Low Adrenal Function: Don’t Overlook These Important Endocrine Glands

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I thought I’d step away from homeopathy and address a very serious health concern: Low Adrenal Function.

For the most part, people tend to overlook their adrenal glands. The adrenal glands are small glands that sit atop each kidney; so most people have 2 glands because they have 2 kidneys. The adrenal glands either directly or indirectly impact all body functions, including the wake-sleep cycle, food digestion, blood sugar regulation, and blood pressure. Most of the signs and symptoms of Low Adrenal Function are a result of blood sugar imbalances.

Signs of Low Adrenal Function (LAF)

As the adrenal glands impact all body processes, a decrease in their function can be seen just about anywhere. The usual first symptom of LAF is often fatigue. People have difficulty waking up in the morning or have spurts of fatigue at different times of the day. Often, the next symptom is a feeling of weakness, dizziness and/or increased heart rate when rising from a sitting position to standing. If the issue is not addressed, more symptoms follow:

> digestive disturbances: when the body is weakened by LAF, food digestion is not as important as some other bodily functions.

> headaches: usually from blood sugar imbalances.

> “female troubles”: the adrenal glands work with the female hormones to regulate a woman’s monthly cycle.

> mood swings: when the brain isn’t getting enough sugar, it doesn’t work properly. A way the brain increases the break-down of fat into sugar is by causing a strong emotion such as anger or extreme sadness. A person usually feels better afterwards, just as they will be less emotional after eating.

> cravings of sweets: as the adrenal glands tell the pancreas how much insulin is needed to process a meal, when the adrenal glands are not working correctly, they do not accurately communicate with the pancreas, so a LOT of insulin tends to get sent by the pancreas for anything eaten-hence blood sugar levels drop quickly after a meal; this causes the carbohydrate cravings.

> weight gain or obesity or the inability to lose weight: when too much insulin is released after a meal, the food eaten is quickly turned into fat to get the sugar out of the blood quickly. Most of the time, the extra fat is stored in the hips and lower abdomen.

Causes of LAF

In general, anything that causes stress to the body will impact the adrenal glands. Prolonged stress usually weakens the adrenal glands.

>> A diet high in carbohydrates and processed foods: this is the main cause of low adrenal function. Processed foods or those high in carbohydrates get broken down quickly by the digestive system. Quick rises in blood sugar cause the adrenal glands to react quickly, as high blood sugar is not something the body likes. Eating poorly will weaken the adrenal glands.

>> Mental stresses: anything that causes mental or emotional distress will stimulate the adrenal glands to produce substances to help with the effects of the stress (epinephrine, norepinephrine, and serotonin). Prolonged mental stress, such as having to meet a deadline, final exams, being in an abusive relationship, etc. will cause the adrenal glands to have to function without enough breaks.

>> Working odd shifts: people who work the third shift often have poor adrenal function.

>> Medical drugs: there are a few medical drugs that directly impact the adrenal gland. The worst one is prednisone, a corticosteroid. Prednisone is a synthetic Cortisol, the main substance produced by the adrenal glands. When the adrenal glands sense the high levels of Cortisol in the blood (from the drug), they stop working. This is the reason why those on prednisone have to wean off the drug: sensing the decrease of Cortisol in the blood as the person weans off the drug helps stimulate the adrenal glands work again. If a person would suddenly stop taking a corticosteroid drug without weaning off, a life-threatening occurrence would most likely happen.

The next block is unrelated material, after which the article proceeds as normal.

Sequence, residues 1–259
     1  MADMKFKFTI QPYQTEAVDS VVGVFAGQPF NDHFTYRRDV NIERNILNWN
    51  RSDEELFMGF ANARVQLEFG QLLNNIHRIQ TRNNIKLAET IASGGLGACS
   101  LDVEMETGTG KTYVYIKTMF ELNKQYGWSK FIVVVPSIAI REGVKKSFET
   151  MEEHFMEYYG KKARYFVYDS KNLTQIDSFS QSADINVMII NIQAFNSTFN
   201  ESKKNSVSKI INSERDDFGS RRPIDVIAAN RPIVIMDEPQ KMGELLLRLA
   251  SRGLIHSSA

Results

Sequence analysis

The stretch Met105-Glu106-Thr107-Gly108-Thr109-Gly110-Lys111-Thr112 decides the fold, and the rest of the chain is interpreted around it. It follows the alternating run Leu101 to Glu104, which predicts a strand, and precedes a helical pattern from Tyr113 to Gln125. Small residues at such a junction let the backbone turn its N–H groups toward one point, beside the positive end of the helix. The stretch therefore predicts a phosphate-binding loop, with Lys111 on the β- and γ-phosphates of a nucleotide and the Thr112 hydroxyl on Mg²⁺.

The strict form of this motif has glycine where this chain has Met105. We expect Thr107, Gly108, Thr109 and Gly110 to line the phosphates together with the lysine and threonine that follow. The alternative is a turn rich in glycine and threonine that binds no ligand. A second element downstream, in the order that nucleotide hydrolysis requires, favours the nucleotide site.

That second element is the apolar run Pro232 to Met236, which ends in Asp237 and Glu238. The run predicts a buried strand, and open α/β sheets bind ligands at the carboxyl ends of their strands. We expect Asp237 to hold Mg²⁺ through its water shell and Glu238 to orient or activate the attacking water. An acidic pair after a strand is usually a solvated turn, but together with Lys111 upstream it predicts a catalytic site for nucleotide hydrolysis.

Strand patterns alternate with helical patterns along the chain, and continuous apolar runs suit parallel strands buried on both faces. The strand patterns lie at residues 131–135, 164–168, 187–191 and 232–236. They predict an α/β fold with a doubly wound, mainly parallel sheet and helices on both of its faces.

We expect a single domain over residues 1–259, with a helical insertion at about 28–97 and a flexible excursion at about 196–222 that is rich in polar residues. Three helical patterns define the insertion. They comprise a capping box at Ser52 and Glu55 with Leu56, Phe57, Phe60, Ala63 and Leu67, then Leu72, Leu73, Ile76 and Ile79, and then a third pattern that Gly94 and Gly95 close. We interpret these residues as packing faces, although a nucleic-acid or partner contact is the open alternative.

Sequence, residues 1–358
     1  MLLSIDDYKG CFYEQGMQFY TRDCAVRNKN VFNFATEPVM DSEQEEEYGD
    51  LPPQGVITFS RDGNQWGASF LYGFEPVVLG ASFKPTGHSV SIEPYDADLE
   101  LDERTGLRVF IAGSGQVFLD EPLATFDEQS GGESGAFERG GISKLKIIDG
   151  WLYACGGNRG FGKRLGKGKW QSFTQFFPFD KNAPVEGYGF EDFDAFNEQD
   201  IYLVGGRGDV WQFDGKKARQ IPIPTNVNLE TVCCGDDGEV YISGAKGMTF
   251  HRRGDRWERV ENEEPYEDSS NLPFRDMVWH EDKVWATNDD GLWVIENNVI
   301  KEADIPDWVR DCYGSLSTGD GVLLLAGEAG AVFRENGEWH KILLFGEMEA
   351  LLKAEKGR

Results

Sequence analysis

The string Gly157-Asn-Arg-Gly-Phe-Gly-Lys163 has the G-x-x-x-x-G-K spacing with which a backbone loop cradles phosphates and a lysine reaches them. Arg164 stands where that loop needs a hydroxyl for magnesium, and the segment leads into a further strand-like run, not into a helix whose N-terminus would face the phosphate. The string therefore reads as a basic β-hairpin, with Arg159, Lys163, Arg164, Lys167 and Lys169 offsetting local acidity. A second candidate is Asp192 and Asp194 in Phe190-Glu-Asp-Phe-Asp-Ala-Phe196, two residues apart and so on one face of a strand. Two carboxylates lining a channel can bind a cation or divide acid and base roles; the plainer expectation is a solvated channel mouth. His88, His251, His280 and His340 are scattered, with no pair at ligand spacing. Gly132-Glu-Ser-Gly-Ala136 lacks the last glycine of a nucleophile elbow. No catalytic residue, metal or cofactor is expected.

Medical Testing for LAF

For the most part, the medical community does not usually pay attention to the adrenal glands. However, there are two medical diagnoses that can be given regarding the adrenal glands: Addison’s Disease (low adrenal function) and Cushing’s Disease (too much adrenal function).

There is a medical blood test but it tends to be very inaccurate. I will explain:

At four different times of the day the adrenal glands release the hormone Cortisol-the main substance produced by the adrenal glands; it also is the main substance that impacts the entire bodily processes. At those 4 different times, a different amount is released. The highest amount is released in the morning around 8 a.m. (23 mcg/DL); then a little less around noon (13 mcg/DL); then a little less about 5 p.m. (5 mcg/DL); and then a tiny amount around 11 p.m. (3 mcg/DL).

When you get a blood test, the “normal” range is between 3 and 23 mcg/DL. Note: lab amounts vary per institution.

If you get the blood test at 8 a.m. and the reading is, say, 5 mcg/DL, the doctor would report your adrenal function is normal, as it is within the normal range. However, at 8 a.m., your blood should be 23 mcg/DL-5 mcg is too low.

Therefore, the best way to make sure your adrenal glands are not having low functioning at any of the 4 times, a person would need to have their blood levels checked at those four different times during the day and to compare those results to what is normal for those times.

Some practitioners choose a saliva test which looks at the amount of Cortisol in the saliva at those 4 different times. If you cannot get your blood tested at those 4 times, you may want to consider the saliva test.

It is also possible to have LAF at one or all of the times, which is why testing each time is more of a sign of your adrenal health.

An Easier Way to Check for LAF

The best way to check for LAF is to look at the symptoms. If you have several of the symptoms of LAF, then you may have the condition.

As the adrenal glands impact the blood pressure, checking your blood pressure when sitting and again when standing can give a person a quick idea if their adrenal glands are working properly. Blood pressure is supposed to rise 10 mm/Hg upon standing; if it doesn’t, then it’s a good indicator that your adrenal glands are having a tough time.